TSW grilled over flood damage to local lakes
|By Lisa Gervais - Editor | October 26, 2017
Long before spring flooding in Minden, Tim Currie said he knew his property was at risk.
The Gull Lake resident says the lake level wasn’t nearly as low as it has been in past autumns.
In fact, the water level was only about a foot below his fixed dock. It’s usually two to three feet below, he said.
“Last winter when the ice froze, I knew I was in trouble because there wasn’t a lot of space between the dock and the ice. In the spring, the winds blow the ice around and this year was significant.
The winds push the ice six to eight feet up the shoreline. The ice lifted my fixed dock (which is 60’ x 12’) 18 inches in the air. The ice broke metal supports and wood stringers. It cost me over $1,000 to get temporary repairs and another $3-4,000 in repairs at the end of the season,” Currie told The Highlander.
“Lake life has changed and it’s important that we feel confident in those who manage water levels and ultimately impact our valued investments,” Currie said.
Former Minden Hills Reeve Barb Reid says there are still more questions than answers when it comes to the Trent-Severn Waterway’s (TSWs) role in the spring flooding, and what she perceives to be “inconsistency in water release planning.”
Currie is her neighbour and she said he’s not alone in terms of ice damage.
“The ice has never reached that height before. There were many reports of ice damage this spring on Gull Lake,” she said.
Reid added, “these inconsistencies have been going on for years now and it’s just not right for our politicians (local and federal) to hide behind the ‘climate change’ excuse.”
In her opinion, rainfall events in April, 2013 and May, 2017 “were not that unique. What has changed is the lake levels in the fall … they are too high and therefore there is limited capacity to handle the spring melt.”
She said Gull Lake hasn’t frozen solid in the past two winters but has major cracks which are evidence of water level changes in winter. She said due to the inconsistent ice, there are fewer ice fishermen and she no longer walks on the lake in winter.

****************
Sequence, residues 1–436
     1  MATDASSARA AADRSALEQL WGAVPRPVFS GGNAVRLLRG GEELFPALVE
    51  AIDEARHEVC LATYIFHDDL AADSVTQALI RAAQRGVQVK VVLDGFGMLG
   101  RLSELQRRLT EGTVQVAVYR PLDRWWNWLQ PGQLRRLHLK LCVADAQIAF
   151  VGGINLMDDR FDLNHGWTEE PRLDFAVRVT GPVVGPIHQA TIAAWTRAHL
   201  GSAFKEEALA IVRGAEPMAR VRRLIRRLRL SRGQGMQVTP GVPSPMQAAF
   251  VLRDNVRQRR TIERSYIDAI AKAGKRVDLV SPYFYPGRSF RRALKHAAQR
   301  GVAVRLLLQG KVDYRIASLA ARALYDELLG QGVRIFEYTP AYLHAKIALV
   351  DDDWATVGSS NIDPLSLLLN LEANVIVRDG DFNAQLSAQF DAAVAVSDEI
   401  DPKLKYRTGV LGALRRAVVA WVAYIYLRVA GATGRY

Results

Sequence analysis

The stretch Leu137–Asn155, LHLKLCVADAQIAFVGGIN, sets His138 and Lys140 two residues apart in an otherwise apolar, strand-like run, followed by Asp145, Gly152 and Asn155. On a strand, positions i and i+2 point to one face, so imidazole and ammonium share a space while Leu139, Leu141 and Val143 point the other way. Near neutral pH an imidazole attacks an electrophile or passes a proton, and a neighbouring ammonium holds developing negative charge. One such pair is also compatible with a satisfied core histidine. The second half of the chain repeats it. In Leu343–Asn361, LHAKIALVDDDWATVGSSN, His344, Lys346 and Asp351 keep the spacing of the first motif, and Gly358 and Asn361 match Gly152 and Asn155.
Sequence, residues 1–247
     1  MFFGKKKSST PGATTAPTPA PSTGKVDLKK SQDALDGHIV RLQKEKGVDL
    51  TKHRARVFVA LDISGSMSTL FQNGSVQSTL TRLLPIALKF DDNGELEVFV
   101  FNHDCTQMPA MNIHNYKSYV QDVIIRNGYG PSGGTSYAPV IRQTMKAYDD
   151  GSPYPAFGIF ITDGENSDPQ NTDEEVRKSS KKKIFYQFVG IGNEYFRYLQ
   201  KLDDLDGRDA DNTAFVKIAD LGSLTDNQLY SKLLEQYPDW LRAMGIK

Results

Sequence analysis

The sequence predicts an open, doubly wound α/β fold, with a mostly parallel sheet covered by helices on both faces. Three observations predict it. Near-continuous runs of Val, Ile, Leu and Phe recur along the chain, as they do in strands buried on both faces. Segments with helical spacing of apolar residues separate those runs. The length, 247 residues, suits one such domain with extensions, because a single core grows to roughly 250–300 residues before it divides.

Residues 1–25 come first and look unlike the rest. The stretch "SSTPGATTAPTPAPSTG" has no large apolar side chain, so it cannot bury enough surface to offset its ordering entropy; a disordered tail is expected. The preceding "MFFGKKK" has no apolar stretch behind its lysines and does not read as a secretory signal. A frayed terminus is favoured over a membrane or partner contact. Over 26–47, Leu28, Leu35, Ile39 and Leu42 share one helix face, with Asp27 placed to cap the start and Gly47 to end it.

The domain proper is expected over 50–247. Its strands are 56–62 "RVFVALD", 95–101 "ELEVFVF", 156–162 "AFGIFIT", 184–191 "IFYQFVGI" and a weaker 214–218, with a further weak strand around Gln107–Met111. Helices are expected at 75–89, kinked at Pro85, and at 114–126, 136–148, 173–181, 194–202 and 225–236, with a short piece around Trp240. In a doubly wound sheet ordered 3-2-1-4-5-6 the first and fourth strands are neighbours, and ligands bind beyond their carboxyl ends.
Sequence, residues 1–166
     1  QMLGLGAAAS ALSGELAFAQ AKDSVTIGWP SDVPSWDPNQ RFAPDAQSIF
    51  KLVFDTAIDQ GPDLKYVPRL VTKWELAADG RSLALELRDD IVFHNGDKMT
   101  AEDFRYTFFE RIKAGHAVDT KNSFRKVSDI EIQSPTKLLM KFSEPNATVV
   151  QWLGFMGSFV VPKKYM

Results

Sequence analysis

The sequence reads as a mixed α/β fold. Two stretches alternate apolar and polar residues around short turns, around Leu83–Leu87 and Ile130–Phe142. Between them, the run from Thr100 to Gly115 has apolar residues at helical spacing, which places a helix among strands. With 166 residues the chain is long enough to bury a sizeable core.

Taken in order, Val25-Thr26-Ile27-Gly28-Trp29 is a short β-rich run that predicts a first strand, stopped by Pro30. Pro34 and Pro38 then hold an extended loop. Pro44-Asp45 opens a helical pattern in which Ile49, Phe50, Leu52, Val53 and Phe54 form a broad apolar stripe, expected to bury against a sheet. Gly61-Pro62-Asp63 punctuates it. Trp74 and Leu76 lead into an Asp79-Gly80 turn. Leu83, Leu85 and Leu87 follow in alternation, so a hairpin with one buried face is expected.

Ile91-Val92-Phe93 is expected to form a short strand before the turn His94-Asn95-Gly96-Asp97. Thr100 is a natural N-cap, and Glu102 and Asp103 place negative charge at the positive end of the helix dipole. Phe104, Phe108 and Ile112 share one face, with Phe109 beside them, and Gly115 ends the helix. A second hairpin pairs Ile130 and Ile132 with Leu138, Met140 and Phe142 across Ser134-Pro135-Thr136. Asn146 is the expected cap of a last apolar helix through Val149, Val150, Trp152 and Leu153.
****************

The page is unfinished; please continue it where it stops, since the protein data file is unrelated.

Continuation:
Jewel Cunningham, director Ontario waterways, said that “in October 2016, water levels on the lower Gull River Watershed (Gull Lake, Horseshoe Lake and Twelve Mile Lake) were at their normal winter set. As the fall continued, drought conditions resulted in low inflows, causing many residents and cottagers to experience issues with their water intakes. In response to this situation, flows were gradually increased for a time and then reset to winter levels by the end of the year. A late February melt combined with rain resulted in high flows, increasing water levels underneath the ice, in turn raising the ice,” she said.
She said that was followed by historically high precipitation leading to widespread flooding.
“Water levels and flows can and do fluctuate for a number of reasons and dam adjustments to re-balance water levels and flows may cause lakes to rise or drop while moving towards targets. It’s a complex process that takes into consideration storage capacity of the lakes on the system, timing of fish spawning, requirements for flood mitigation, typical fall and winter precipitation levels, downstream typography including constrictions like narrow river beds or dams, and overall volumes and flow rates.”
Cunningham said decisions are based on research, engineering, and experience and monitoring is continuous and in consultation with Environment Canada.
“Waterway staff must weigh the risks and requirements of many stakeholders to arrive at optimal levels. They must also take into account variables over which no control is possible such as topography and to allow for variations in climatic conditions (rain, snowfall, temperature, etc.) based upon records of trends, extremes and averages.”
LISA GERVAIS is the editor for The Highlander.